No Salmonella was detected in this experiment; again this is likely a function of study design, sample type, and the low prevalence expected in pastured sheep. Similar to E. coli and Campylobacter, animals fed a pasture or forage-based diet shed less Salmonella in their feces than those fed concentrate based diets (11). Further study on the epidemiology of Salmonella in sheep would be useful for determining how to manage this pathogen in sheep flocks.
Campylobacter were recovered in this study from sheep feces, water, and soil samples. Campylobacter spp. are found frequently in all animals including wild birds and poultry (14,15), which may contribute to environmental levels of Campylobacter. One study found that 42% of wild geese and other waterfowl feces were contaminated with Campylobacter jejuni (38). In the present study, wild geese were observed near the water sources on each of the farms. The hypothesis that wildfowl are at least partly responsible for the environmental contamination is supported by the fact that there was no significant difference in levels of Campylobacter between soil that had never been grazed by sheep (the roadside control) and soil where sheep grazed and camped. Therefore it would seem likely the Campylobacter recovered from the soil and water was not exclusively from ovine sources. Again, stress such as lambing or calving, moving animals, weaning, transport or changing feed can cause an increase in the shedding of Campylobacter (15,39). None of these were factors in the study herein.
In the present study, more Yersinia spp. was recovered from soils where the sheep had access than from roadside soil; however, there were no differences in levels of Yersinia enterocolitica from the different soil locations. This suggests that sheep are at least partially responsible for contaminating the environment and the water, but serotypes of Yersinia that were shed are unlikely to cause disease in humans. There has been little or no research on the effect of feeding and management in the shedding of Yersinia from ruminants, and therefore it is not clear how management affects Yersinia prevalence, if at all.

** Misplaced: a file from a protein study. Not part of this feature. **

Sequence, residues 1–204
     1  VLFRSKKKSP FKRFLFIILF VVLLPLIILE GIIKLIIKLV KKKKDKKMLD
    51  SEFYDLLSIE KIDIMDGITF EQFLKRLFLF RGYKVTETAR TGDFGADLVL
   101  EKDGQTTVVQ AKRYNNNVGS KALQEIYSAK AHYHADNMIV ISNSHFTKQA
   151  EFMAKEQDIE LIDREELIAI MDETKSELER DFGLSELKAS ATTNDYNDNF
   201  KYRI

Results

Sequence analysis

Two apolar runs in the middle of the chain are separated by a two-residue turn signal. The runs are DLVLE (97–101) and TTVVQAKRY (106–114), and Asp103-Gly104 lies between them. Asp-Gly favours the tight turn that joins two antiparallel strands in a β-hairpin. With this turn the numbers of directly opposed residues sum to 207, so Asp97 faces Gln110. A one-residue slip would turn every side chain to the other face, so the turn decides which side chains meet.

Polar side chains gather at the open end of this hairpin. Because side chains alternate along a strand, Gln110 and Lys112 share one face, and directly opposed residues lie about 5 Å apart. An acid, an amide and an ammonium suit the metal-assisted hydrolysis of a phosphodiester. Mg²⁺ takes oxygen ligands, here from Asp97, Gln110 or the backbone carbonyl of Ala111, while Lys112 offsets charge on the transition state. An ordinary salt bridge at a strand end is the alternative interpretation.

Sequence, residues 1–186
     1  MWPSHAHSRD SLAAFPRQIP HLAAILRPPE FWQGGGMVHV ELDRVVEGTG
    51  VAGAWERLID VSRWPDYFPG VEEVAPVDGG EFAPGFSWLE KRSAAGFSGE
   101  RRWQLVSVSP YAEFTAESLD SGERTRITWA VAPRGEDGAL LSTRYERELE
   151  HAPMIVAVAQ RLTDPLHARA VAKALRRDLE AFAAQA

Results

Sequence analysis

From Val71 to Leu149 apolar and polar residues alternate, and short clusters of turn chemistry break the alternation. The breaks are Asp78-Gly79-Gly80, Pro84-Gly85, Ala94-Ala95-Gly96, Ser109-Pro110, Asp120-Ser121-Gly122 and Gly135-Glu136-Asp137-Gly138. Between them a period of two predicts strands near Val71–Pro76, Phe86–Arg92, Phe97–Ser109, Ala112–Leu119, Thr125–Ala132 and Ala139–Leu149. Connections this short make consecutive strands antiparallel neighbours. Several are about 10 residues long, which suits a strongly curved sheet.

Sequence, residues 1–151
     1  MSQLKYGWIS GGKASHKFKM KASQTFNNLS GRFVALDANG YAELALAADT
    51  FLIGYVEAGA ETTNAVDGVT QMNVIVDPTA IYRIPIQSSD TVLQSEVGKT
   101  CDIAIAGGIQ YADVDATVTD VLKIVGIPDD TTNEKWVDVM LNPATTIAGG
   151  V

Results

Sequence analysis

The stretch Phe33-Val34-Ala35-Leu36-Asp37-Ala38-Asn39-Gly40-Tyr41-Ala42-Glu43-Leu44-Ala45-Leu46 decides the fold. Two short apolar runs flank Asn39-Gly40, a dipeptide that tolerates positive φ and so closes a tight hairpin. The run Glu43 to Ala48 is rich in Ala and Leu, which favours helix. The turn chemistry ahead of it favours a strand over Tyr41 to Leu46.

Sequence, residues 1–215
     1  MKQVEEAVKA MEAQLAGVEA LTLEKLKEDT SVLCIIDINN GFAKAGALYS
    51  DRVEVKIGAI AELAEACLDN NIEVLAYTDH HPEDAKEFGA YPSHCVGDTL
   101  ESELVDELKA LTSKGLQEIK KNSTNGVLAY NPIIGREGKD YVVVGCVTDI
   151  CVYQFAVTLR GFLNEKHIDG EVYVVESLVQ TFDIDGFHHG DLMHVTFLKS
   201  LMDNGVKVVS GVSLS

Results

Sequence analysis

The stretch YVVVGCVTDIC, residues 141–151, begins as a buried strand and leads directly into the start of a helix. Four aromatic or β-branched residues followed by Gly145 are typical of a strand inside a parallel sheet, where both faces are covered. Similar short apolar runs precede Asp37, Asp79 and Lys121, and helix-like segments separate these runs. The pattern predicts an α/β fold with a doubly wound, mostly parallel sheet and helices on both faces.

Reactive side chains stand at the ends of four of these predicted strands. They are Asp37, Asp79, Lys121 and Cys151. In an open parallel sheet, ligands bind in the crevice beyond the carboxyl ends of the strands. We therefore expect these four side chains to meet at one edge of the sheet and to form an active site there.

The lack of association between amount of time that sheep spent in one location and the levels of pathogens in samples from that location was not expected. This lack of association was also found in the related behavioral component to our study (24). To the authors’ knowledge, no other studies have examined these parameters with regards to sheep production. Soils where sheep camp receive higher levels of feces relative to noncamp areas (40) and, therefore, would be expected to have higher levels of pathogens. Also higher levels of pathogens would be expected in the water on farms where the sheep spent more time near the water compared with farms where the sheep were never seen near the water. These results indicate that under the management conditions observed, sheep do not have a significant impact on foodborne zoonotic pathogen levels in riparian areas and surface waters. This result is likely due to a combination of the organisms and levels that sheep typically shed, the behavior patterns specific to sheep, and the typical management of sheep in Ontario.
In conclusion, sheep on pasture in Ontario do not appear to be an important source of water contamination with Escherichia coli O157:H7 or Salmonella. Although in this study Campylobacter and Yersinia were recovered from samples of sheep feces, soil, and water; there was insufficient evidence to implicate sheep as an important cause of environmental contamination with these pathogens. The lack of association between prevalence of these pathogens and behavior of sheep supports the hypothesis that grazing sheep are not a major risk factor in the transmission of foodborne zoonotic pathogens to water sources.
The authors gratefully acknowledge the funding support for this project from the Ontario Ministry of Agriculture, Food and Rural Affairs and Natural Sciences and Engineering Research Council of Canada, and assistance from the Ontario Sheep Marketing Agency. William Sears kindly provided statistical advice, and Charlotte Friendship provided technical assistance for collection and processing of samples.
This research comprised a component of a Masters thesis by Sara Sutherland.
Funding for this research was received from the Ontario Ministry of Agriculture and Food and the Natural Sciences and Engineering Research Council of Canada.